LOS ANGELES -- It could be a Ferrari, but it's nearly silent. It could be a Tesla, but it's juiced by a jet engine. It could even be a GM Volt, but it has double the range and speed.
The CMT-380 is the world's first hybrid-electric sports car powered by a microturbine. Co-created by a video game designer, the wicked matte-black machine debuted at the Los Angeles Auto Show in December.
"It's a jet engine on wheels," says Jim Crouse, executive vice president of sales and marketing for Capstone Turbine Corp., a partner in building the prototype.
More on microturbines
- • The C30 microturbine, essentially a small jet engine, cranks out 30 kilowatts by spinning a small turbine at up to 96,000 rpms.
- • Capstone officials say the limited-production turbine that now sells for $30,000 could be brought down to a tenth of the cost if it were mass-produced.
- • Velozzi, a Los Angeles-based car designer and manufacturer, will become the first auto company to integrate Capstone's microturbines. An electric supercar is due out late this year, and a crossover vehicle is due out in 2011.
The 240-horsepower electric car can blast to 60 mph from a dead start in 3.9 seconds, only inches behind the new 561-horsepower Mercedes Benz AMG gull wing or the $375,000 Lexus LFA sports coupe.
It tops out at an electronically limited 150 mph. And because of the extended range made possible by its microturbine generator, it can cruise for 500 miles -- 80 of them on pure electrons. That's twice as far as a GM Volt, with its gasoline-engine generator.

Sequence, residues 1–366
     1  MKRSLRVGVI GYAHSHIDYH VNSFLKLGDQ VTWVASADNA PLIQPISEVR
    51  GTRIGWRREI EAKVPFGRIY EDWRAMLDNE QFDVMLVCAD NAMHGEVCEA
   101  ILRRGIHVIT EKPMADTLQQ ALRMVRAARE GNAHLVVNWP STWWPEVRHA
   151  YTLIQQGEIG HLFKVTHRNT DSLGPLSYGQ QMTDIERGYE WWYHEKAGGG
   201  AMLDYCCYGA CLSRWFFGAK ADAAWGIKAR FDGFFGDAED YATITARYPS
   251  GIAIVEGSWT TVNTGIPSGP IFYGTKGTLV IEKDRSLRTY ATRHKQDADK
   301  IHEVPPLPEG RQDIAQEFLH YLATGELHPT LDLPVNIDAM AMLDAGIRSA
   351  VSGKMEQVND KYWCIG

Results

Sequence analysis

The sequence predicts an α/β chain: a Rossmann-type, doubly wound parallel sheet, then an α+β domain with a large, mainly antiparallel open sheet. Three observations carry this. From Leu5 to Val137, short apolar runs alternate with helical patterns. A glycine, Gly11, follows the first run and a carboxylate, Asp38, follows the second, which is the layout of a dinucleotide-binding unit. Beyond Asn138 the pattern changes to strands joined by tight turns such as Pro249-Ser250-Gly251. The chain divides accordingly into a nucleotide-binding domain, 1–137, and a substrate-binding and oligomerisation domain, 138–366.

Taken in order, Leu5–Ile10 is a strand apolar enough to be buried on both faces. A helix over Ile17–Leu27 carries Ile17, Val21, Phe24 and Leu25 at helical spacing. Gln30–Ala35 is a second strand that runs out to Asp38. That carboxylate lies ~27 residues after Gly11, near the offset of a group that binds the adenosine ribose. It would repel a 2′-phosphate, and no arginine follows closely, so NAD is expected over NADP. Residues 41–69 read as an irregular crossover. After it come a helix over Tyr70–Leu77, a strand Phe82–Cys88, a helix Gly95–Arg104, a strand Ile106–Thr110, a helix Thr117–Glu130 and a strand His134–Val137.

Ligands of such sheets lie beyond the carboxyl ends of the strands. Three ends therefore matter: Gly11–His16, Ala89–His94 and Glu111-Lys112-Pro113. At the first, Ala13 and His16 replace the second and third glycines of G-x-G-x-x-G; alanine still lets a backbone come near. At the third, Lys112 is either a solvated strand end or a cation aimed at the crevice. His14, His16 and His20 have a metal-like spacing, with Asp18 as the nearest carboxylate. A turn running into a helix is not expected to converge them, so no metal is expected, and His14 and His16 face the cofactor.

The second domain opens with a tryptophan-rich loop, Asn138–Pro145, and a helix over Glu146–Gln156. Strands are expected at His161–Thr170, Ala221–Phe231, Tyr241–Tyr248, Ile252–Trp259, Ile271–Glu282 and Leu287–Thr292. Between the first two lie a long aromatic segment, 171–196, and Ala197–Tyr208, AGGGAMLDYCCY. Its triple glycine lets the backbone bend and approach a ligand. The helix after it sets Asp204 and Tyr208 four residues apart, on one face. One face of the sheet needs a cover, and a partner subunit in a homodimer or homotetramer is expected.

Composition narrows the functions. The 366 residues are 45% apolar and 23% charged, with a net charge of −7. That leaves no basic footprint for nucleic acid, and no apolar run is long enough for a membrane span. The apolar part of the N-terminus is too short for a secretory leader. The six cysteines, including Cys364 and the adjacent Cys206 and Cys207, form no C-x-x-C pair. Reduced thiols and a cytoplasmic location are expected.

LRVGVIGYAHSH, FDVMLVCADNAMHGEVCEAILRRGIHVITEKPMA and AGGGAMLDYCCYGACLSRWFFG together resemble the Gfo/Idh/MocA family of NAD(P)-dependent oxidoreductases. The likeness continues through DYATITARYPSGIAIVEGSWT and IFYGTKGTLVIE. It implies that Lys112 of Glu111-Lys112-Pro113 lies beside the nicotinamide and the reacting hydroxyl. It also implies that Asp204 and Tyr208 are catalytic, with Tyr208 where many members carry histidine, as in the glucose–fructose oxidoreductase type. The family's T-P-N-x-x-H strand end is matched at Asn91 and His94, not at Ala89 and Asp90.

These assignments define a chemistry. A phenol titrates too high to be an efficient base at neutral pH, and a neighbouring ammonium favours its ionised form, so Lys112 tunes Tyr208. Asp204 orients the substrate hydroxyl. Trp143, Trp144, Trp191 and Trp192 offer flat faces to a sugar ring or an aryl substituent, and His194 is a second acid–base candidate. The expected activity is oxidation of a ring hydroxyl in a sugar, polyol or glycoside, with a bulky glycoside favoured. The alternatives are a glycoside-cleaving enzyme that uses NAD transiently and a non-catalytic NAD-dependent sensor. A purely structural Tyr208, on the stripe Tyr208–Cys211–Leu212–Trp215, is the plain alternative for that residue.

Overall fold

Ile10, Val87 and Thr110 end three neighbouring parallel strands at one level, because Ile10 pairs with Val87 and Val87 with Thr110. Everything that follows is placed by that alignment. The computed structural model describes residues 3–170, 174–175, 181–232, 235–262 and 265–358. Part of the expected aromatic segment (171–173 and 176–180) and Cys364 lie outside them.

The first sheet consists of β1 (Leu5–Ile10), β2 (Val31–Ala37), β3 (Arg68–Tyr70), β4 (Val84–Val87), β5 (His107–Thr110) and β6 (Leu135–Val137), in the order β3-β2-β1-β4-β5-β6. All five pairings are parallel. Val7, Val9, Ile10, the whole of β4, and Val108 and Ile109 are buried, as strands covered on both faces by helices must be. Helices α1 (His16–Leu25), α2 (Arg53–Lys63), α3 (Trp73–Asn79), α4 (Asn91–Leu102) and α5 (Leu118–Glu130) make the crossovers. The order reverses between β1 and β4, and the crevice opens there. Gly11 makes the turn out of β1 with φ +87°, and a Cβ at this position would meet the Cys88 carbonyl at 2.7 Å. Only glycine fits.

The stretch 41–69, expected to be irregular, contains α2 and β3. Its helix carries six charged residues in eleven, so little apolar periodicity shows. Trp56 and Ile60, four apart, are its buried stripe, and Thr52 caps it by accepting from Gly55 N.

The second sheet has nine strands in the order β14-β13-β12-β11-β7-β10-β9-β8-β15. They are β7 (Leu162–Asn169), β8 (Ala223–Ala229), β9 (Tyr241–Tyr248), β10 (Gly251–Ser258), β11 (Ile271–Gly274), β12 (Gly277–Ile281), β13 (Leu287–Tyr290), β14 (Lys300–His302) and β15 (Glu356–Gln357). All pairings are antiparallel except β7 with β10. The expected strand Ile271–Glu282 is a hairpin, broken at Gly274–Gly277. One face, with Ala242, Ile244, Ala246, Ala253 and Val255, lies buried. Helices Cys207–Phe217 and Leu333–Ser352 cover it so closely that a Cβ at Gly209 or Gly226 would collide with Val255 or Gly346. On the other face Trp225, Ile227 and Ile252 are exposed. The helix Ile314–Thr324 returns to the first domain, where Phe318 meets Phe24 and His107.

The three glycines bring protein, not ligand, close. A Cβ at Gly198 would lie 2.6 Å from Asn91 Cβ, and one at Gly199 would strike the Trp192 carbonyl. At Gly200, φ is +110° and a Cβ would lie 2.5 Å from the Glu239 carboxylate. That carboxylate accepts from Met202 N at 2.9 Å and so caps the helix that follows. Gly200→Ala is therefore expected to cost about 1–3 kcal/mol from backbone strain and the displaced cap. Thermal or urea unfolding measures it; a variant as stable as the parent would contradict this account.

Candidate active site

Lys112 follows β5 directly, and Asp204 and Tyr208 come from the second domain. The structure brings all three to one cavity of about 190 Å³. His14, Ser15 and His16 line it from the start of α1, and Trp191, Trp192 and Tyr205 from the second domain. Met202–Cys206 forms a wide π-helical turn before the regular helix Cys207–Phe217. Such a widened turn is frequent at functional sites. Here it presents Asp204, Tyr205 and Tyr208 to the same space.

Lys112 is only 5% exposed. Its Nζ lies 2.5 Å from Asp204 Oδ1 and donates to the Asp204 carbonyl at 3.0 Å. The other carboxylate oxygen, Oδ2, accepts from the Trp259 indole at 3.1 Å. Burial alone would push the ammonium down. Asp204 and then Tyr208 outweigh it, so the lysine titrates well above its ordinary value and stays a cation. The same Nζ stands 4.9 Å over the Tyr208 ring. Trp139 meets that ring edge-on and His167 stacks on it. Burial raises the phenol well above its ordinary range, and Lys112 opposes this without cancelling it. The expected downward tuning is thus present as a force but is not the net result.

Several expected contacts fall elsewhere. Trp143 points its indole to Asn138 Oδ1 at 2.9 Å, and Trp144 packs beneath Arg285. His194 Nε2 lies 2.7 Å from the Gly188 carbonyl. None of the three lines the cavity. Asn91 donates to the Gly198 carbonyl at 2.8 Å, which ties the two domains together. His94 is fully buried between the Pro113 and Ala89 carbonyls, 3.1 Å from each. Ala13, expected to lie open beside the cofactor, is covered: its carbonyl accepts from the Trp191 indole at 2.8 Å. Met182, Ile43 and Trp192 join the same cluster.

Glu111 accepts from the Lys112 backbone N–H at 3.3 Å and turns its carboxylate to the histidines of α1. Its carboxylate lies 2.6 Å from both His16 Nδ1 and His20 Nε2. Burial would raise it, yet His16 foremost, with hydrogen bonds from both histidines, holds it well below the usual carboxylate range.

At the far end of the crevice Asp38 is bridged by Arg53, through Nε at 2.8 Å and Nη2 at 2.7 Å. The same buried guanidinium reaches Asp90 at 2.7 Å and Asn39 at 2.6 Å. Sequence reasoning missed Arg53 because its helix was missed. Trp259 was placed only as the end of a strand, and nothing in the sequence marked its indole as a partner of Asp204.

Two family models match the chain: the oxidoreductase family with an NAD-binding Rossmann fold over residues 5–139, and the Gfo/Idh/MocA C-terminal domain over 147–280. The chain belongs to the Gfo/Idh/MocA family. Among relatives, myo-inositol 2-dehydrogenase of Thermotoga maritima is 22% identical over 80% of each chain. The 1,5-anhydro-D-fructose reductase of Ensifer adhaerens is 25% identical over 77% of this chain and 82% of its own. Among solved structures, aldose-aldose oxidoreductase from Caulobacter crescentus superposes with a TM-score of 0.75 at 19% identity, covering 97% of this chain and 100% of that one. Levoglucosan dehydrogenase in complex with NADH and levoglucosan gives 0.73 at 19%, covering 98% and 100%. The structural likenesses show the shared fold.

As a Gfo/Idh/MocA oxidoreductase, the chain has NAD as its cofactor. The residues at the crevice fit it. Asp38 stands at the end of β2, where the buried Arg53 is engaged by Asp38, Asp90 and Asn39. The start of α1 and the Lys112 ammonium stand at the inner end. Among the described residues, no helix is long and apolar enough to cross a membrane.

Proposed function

And the ultra-low emissions from its Capstone C30 microturbine, fueled by diesel or biodiesel, can rival any hybrid car on the market.
The CMT-380 is sleek enough to beckon almost anyone into its carbon-fiber racing seats. "It's a great opportunity for showcasing our designs," says Capstone Turbine President and CEO Darren Jamison.
Capstone has no plans to build the car, but hopes instead to sell its technology to a willing automaker.
It was 21 years ago that the Southern California company, then called NoMac Energy Systems, was founded to build small gas turbines for use in hybrid electric vehicles. But the clean, efficient microturbine fizzled for lack of demand in a world of SUVs.
Since then, Capstone Turbines has shipped more than 5,000 microturbines around the world to power offices, hospitals and hybrid electric buses and for other industrial uses. But it still dreamed of supplying microturbines for the ballooning green-car market.
Enter Richard Hilleman, a former electrician at the federal government's Nevada Test Site and now chief creative director for video game firm Electronic Arts. As a hobby, the 48-year-old geek behind such games as "Ferrari Formula 1," "John Madden Football" and "Tiger Woods Golf" tinkered with electric cars.
After converting his vintage Porsche 550 Spyder into a 200-horsepower electric, he set out to build a hybrid sports car with legs. After five years, he completed the wundercar hours before its L.A. launch.
"I've been responsible for both scourges of the 20th century -- nuclear devices and video games," Hilleman says. "Now this."
"I'm trying to be on the right side of time here, one of those rare cases where I can be politically correct and cool at the same time."
Some, however, aren't convinced that microturbines make practical electric-car generators.
"Compared to a small gas engine, it'll cost more and be noisier for an automotive application," says Jake Fisher, senior engineer for Consumer Reports' auto test track, who looked at the CMT-380 at the L.A. Convention Center.
"Engines are cheap," Fisher says. "They're out there. They're proven. And they're efficient. It'll be hard to compete with them in the near term."